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Nigeria’s External Reserve Loses $24 Million First Week In The Year 2022

Nigeria’s External Reserve Loses $24 Million First Week In The Year 2022

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Nigeria’s External Reserve Loses $24 Million First Week In The Year 2022

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Nigeria’s External Reserve Loses $24 Million First Week In The Year 2022

Nigeria’s foreign exchange reserves fell $24.3 million in the first week of the year, closing at $40.49 billion on January 7, 2021. When compared to the $40.42 billion recorded at the start of the week, this is a 0.06 per cent decrease.

This is based on daily reserve movement statistics from the Central Bank of Nigeria (CBN).

 

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The country’s foreign reserve increased to $5.99 billion in October, up from $2.76 billion in September 2021, as a result of the federal government’s $4 billion Eurobond and the $3.35 billion IMF Special Drawing Rights facility

However, after crossing the $41 billion thresholds in November, the reserve began a downward trend. Nigeria’s foreign reserve fell by $611.01 million in November, followed by a drop of $666.17 million in December.

In 2021, however, the annual gain was $5.15 billion.

Nigeria’s External Reserve Loses $24 Million First Week In 2022

What is the cause of the decline?

The apex bank’s action in guaranteeing FX stability in the economy is to blame for the government’s ongoing fall in external reserves. According to data from the Central Bank, the bank provided $8.97 billion to the I&E window, SME, and Invisibles.

 

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After the Central Bank halted the selling of forex to BDC operators in mid-2021, the Investors and Exporters Window (I&E) became the official market for the sale of foreign exchange in the country. Between January and June 2021, however, a total of $2.77 billion was sold to BDC operators.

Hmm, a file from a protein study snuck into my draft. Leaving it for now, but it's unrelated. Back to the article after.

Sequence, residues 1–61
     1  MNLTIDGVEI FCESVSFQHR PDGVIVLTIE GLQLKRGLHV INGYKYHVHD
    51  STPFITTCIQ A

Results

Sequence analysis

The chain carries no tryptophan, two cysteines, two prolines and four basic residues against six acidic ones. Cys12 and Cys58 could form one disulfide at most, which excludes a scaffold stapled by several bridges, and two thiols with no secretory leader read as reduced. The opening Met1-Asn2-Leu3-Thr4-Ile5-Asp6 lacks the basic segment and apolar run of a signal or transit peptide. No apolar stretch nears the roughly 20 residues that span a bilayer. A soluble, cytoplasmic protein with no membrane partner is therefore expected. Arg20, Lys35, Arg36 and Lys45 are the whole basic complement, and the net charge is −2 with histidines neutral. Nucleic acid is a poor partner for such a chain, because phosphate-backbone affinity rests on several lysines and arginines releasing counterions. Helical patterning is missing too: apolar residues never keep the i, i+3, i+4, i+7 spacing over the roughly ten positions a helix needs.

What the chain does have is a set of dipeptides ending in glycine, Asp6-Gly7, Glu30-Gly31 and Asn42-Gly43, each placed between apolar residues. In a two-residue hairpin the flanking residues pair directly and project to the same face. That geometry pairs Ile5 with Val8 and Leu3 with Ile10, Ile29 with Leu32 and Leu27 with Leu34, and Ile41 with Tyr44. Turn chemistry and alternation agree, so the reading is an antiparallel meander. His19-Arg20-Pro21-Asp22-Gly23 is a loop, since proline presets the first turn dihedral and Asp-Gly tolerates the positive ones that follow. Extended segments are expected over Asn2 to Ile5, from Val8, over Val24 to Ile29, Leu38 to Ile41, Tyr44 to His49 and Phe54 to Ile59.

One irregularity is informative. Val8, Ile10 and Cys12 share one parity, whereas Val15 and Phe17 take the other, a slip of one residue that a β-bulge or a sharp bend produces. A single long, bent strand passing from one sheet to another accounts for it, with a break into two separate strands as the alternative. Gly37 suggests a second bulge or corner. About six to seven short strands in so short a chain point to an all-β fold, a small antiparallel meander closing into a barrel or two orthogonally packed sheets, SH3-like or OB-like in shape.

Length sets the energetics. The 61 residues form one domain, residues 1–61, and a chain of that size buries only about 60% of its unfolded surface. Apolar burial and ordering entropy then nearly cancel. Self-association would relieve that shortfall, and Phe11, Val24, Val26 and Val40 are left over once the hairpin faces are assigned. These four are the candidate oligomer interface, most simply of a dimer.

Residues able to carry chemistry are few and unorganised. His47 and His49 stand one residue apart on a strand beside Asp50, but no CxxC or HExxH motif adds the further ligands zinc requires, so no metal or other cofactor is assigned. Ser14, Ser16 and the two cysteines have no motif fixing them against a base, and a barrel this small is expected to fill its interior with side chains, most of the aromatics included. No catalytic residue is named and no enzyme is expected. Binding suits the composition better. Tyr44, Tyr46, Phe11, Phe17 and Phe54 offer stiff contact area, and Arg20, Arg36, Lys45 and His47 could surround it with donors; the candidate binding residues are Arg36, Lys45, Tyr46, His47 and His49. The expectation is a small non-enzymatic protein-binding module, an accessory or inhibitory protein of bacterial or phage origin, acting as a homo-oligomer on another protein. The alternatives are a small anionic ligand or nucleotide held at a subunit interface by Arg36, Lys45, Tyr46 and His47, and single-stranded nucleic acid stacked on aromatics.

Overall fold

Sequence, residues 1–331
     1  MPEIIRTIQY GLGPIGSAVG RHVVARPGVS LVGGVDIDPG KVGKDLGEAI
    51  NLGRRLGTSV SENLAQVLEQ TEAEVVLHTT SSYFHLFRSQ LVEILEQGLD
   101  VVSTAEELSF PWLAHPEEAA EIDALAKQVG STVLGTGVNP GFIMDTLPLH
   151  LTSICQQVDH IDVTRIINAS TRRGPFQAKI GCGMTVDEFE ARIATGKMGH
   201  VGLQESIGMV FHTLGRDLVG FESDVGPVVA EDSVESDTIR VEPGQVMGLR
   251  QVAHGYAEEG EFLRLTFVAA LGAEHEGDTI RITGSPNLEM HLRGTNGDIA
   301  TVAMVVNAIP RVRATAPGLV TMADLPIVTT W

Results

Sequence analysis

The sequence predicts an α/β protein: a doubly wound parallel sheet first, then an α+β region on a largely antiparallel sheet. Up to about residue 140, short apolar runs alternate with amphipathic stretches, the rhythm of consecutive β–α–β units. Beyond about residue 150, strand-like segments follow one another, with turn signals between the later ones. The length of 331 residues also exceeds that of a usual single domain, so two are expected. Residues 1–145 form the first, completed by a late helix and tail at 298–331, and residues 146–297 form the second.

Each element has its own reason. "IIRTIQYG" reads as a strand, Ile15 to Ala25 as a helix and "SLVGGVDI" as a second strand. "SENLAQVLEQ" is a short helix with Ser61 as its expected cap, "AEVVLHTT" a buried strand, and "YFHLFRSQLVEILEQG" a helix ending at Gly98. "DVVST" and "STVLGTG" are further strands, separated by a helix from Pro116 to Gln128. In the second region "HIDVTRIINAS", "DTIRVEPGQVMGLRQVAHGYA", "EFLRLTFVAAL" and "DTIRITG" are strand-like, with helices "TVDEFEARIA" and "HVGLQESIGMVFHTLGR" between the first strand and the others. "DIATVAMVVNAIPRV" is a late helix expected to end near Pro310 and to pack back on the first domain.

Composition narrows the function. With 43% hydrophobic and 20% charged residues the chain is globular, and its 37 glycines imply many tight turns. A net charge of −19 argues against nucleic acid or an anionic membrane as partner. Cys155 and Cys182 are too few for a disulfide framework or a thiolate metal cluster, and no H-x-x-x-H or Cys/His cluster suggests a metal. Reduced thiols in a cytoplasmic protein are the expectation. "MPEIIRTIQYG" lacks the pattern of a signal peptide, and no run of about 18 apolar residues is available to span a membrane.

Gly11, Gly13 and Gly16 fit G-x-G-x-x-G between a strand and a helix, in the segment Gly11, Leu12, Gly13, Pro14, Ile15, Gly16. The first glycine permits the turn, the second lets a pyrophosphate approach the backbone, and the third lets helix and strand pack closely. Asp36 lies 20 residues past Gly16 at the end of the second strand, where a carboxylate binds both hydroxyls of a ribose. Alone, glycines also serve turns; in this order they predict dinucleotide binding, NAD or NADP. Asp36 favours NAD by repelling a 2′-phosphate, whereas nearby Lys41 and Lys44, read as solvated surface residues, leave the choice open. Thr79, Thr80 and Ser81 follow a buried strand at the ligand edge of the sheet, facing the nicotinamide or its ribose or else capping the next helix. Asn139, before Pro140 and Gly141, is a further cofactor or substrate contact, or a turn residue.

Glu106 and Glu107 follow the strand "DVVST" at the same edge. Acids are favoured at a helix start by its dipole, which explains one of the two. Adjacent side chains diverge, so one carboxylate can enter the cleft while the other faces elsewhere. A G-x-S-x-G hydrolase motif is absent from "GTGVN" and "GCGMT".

Given the apex bank’s managed floating foreign exchange system, the CBN periodically intervenes in the FX market to limit market volatility by releasing funds from the reserve.

Nigeria’s External Reserve Loses $24 Million First Week In 2022

According to statistics from Nairametrics Research on the I&E Window, at least $337.7 million was traded on the exchange in the review week, while the official exchange rate rose by 4.3 per cent to close at N416.25/$1, up from N435/$1 at the conclusion of the previous week.

 

External Reserves: What You Should Know
Foreign reserves are assets maintained in reserve by a country’s central bank to support liabilities and affect monetary policy. Foreign currencies, deposits, bonds, treasury bills, and other foreign government instruments fall under this category.

 

These assets are retained for a variety of reasons, but the most important is to ensure that a government or its agency has backup funding in the event that their national currency devalues rapidly. International or external reserves are other names for foreign exchange reserves.

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